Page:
I made the switch from a Sony laptop running Linux to a 17" Apple Power Book around two months ago. Here's a list of some of thing things that I had to learn.
Before making a purchase I had two worries: one was over a specific piece of software I had to use and the second was how fast the machine would be. I decided to rent an iBook for a week. This demonstrated that the software I had a concern over would indeed work, but it also taught me that iBooks are fine machine. Now that I've finally made the Power Book purchase I'm happy with the performance. I had been using a Pentium III 800Mhz laptop with 256M of memory: the 1GHz Power Book with 1G of memory is a huge improvement... but that could mostly be the memory for all I know.
Now here's that list...
- Connecting to a windows share. I run Samba on a home server, and it took me a while to figure this out. To connect, I selected the Finder and then did Apple-K (or Go/Connect to Server in the menus). It works. The network share appears on the desktop.
- Customizing dock, background, screen saver, auto software updates etc. Under the Apple menu, select System Preference... it's all in there.
- How to get Eclipse into the dock? I use the Eclipse IDE. You download this, install it, it works. But I couldn't figure out how to get it into the Dock so I could easily launch it. The answer is: launch the application, so it appears in the doc, then CTRL-Click on it and select "Keep in dock". Or, right-click if you've installed a two button mouse, which I have.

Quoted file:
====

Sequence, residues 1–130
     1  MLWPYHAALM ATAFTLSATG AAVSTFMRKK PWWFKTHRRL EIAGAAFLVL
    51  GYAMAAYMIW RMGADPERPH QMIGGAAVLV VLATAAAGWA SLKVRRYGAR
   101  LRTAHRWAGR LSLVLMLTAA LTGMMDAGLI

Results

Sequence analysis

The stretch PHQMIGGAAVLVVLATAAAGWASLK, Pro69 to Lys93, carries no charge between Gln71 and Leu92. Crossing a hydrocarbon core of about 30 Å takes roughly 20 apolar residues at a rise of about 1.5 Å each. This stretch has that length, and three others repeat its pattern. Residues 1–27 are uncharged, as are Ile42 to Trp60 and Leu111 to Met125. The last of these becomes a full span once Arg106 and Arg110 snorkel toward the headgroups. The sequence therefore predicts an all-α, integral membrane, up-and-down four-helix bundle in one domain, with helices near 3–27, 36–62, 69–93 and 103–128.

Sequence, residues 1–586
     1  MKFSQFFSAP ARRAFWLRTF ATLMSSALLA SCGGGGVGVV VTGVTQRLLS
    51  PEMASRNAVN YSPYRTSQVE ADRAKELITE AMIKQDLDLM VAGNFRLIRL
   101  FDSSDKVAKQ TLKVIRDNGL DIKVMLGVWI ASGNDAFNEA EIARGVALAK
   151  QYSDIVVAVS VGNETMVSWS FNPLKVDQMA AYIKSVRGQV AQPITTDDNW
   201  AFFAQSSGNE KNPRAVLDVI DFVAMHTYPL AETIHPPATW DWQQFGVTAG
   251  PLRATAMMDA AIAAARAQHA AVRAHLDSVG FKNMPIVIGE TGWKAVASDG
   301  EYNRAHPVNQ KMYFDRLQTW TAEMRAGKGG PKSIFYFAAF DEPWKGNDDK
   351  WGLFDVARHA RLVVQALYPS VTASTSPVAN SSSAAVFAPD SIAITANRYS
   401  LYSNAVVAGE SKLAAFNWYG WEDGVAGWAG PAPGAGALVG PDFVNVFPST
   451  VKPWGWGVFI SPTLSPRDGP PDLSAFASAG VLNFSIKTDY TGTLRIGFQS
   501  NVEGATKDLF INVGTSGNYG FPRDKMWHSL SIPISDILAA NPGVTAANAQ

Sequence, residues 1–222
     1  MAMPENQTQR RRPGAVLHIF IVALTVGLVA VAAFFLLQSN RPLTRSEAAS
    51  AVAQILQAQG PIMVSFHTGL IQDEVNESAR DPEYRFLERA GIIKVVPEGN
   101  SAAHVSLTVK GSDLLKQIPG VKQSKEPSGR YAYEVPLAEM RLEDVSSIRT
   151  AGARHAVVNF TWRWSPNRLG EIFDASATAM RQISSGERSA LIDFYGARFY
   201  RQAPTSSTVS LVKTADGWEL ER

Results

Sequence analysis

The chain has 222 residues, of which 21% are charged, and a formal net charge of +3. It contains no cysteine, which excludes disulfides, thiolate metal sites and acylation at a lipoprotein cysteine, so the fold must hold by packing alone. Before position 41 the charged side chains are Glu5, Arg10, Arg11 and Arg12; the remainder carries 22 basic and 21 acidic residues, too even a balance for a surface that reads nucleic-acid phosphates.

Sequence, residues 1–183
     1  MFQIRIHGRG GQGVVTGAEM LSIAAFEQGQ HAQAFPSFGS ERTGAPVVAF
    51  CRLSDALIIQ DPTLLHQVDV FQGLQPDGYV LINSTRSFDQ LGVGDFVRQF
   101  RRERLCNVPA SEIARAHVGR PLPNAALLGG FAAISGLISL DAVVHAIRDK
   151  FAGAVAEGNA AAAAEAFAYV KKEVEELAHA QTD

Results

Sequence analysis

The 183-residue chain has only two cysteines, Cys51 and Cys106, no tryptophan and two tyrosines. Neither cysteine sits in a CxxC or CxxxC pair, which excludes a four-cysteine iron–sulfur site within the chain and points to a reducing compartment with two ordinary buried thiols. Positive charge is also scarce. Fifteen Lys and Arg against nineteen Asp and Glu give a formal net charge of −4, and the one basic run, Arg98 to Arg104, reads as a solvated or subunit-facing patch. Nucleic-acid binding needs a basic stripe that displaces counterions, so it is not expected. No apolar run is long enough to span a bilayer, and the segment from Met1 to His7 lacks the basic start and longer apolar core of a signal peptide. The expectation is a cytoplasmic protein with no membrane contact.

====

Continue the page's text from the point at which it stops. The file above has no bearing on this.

- About the Dock: it's a list of applications, with arrows underneath the apps that are running. To the right there are a list of windows which have been minimized.
- How to grab additional packages like wget, gcc or cvs. First, download and install the developer kit from Apple Developer Connection (ADC). It's a big CD worth of stuff. Also download and install the Apple X11 implementation (this is now on the OS install CD). If you need more stuff, you can use Fink, but I've now switched to using Darwin Ports. This may seem more complicated, but oddly I find it easier to use: you check-out darwin ports from CVS and build it. From what I can make out, the CVS repository contains ports of applications, so you can just build them. It downloads any extra pieces it needs. The only thing I had to do after make-ing the application was to edit
/etc/ports/sources.confto add the line
/usr/local/srcbeing the place I put Darwin ports when I checked it out of CVS. From there it's all plain sailing using the
portcommand from the shell (e.g.,
port list | more). [Update: I've found I've not been using Fink or Darwin Ports much... seems I have much of what I need installed already]
- By default the shell is tcsh. To change it use:
sudo niutil -createprop / /users/richard shell /bin/bash. Note that it's /users not /Users, that's because it has something to do with /Applications/Utilities/NetInfo Manager not the filesystem.
- The root account is disabled, but you have sudo so that's fine. If you want to enable the root account, take a look at the excellent macosxhints.com.
- For products like Tomcat it's good to set
$JAVA_HOME, and the right value for this is
/System/Library/Frameworks/JavaVM.framework/Versions/CurrentJDK/Home. Also, it's a good idea to set this in your own
/etc/profileseems to get overwritten during some OS X updates.